Long Live the King of Torts?
Editor’s note: This article went to press before Dickie Scruggs pleaded guilty March 14 to conspiring to bribe a judge in a dispute over attorney fees.
Back in 1998, Mississippi trial lawyer Dickie Scruggs spoke of “home cookin’ ” when describing his role in forcing four tobacco giants into a record $246 billion settlement with 46 states. It certainly left him eating high on the hog, earning nearly $1 billion in fees.
The case made him one of America’s richest lawyers, with a cash flow many Wall Street firms would envy. Every three months since the late 1990s, Scruggs’ firm has received more than $10 million from the tobacco litigation payout. The case will fatten his bottom line by $42 million every 12 months for 23 years.
He filed his first tobacco case in his hometown of Pascagoula. Traction gained in that friendly venue helped topple Big Tobacco state by state, like a long line of cigarette packs stacked as dominoes.
“We knew it would be a public relations war and a political war every bit as much as a legal fight,” Scruggs told a reporter a decade ago, explaining the “insular advantage” of bringing tobacco companies to answer in Mississippi.
Fast-forward to late February, when Scruggs sat mute in a federal courtroom up in Oxford—in the dock on federal charges of bribing a state judge last year. If convicted, he faces up to 75 years in prison.
His lawyer was arguing for a change of venue, trying to move the trial out of the state that has been so good to Scruggs.
John Keker’s argument was the mirrored opposite of Scruggs’ tobacco strategy: That Scruggs is fighting for his freedom at an insular disadvantage, in a legal fight that is every bit as much a public relations and political war. U.S. v. Scruggs, No. 3:07CR192 (N.D. Miss.).
Scruggs, now 61, has for years been a white knight in the eyes of many, especially in Mississippi. As a plaintiffs lawyer, he almost always went after unpopular defendants: makers of asbestos, insurance companies, drug manufacturers and the like. And Scruggs has continued to do so, even though the tobacco payout assured that he would never have to work another day in his life.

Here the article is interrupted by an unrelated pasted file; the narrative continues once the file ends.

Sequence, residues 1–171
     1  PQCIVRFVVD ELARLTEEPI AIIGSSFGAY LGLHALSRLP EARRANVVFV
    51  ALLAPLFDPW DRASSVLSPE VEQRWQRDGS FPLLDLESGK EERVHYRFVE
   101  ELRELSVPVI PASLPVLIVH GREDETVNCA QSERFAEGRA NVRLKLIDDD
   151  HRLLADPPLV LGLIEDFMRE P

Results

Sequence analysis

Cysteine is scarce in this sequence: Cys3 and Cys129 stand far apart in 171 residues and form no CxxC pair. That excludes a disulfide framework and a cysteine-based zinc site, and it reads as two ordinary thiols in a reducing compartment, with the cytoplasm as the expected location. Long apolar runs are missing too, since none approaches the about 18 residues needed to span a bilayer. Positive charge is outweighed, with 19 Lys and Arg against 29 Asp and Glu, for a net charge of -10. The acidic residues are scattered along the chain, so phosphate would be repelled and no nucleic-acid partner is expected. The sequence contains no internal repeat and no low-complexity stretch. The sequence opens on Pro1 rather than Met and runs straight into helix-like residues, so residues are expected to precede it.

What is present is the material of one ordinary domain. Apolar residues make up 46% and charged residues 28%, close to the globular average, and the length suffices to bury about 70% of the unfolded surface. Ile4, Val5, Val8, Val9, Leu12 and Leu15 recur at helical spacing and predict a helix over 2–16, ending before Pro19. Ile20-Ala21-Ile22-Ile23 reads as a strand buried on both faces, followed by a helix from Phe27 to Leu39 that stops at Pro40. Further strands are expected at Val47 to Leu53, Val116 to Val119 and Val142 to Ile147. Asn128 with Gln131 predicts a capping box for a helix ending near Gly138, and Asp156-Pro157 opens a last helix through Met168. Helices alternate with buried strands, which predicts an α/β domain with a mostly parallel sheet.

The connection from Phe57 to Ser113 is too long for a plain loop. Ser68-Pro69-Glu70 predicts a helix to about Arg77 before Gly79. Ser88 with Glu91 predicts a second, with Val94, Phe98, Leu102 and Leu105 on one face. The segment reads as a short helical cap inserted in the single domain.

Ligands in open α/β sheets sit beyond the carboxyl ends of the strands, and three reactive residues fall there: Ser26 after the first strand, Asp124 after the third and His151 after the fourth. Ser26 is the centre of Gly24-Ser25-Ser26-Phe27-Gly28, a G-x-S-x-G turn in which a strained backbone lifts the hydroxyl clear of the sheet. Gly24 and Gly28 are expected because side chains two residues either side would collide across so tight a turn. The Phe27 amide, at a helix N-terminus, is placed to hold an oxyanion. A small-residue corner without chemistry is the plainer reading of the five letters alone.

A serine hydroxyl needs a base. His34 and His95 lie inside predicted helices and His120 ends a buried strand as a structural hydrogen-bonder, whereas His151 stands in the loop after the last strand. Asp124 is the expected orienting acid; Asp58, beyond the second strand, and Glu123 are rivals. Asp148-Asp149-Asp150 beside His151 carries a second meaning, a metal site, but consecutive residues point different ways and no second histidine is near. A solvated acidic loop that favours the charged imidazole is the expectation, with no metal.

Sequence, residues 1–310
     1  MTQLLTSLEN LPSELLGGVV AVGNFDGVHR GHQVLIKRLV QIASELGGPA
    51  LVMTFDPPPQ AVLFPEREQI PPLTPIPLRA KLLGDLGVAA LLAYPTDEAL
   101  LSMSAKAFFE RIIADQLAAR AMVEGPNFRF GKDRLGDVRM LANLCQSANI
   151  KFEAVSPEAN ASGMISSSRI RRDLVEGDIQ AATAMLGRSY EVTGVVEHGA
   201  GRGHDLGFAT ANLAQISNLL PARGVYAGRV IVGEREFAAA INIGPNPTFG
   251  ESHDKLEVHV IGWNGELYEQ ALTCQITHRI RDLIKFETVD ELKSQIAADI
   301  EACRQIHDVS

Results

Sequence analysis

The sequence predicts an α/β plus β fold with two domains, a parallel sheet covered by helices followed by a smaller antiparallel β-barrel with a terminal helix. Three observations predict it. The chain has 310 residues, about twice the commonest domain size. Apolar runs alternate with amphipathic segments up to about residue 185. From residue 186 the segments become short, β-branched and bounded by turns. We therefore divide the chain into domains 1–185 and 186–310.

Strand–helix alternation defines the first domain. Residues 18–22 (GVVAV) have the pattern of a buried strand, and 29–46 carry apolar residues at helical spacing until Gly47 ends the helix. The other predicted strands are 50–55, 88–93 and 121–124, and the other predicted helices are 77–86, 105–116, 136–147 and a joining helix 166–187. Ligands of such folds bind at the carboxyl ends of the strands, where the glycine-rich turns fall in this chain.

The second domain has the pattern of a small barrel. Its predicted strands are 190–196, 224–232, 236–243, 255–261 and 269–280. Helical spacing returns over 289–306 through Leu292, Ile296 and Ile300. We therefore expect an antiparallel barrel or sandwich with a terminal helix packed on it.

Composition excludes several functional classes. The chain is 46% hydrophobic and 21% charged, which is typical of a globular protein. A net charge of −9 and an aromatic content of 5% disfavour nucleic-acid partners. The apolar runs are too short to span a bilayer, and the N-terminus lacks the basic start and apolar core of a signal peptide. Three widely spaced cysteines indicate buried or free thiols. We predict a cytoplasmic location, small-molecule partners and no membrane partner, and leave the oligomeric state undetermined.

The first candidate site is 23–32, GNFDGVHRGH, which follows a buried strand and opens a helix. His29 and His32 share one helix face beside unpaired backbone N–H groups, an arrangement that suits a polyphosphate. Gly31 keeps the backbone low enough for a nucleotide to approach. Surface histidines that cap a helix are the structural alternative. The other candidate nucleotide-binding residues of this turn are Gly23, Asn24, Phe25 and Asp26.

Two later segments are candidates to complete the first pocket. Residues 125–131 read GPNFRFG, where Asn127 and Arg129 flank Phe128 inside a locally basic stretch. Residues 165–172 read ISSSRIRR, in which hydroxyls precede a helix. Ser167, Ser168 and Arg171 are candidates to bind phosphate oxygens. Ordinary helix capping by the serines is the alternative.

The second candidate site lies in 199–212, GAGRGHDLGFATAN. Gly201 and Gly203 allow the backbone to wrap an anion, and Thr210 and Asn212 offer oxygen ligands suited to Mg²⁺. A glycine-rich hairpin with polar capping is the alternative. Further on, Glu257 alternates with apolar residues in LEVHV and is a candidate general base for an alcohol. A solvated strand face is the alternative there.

A year after the massive tobacco settlement, he bankrolled a series of class actions concerning use of the drug Ritalin as treatment for hyperactive children—though he missed the mark on that crusade, with the cases being quickly dismissed.
He went after HMOs, but that effort resulted in settlements of a mere $250,000. He took on the welding industry for harm caused to welders by fumes, and he worked for free to challenge alleged hospital overbilling of the uninsured. And after Hurricane Katrina in 2005, he declared war on insurance companies that had refused claims from Mississippians whose homes and businesses had been damaged or destroyed.
“He’s made a lot of money, but by and large he’s made it working on behalf of people egregiously wronged by companies or industries engaged in massive wrongdoing,” says friend Matt Myers, president of the Washington, D.C.-based Campaign for Tobacco-Free Kids.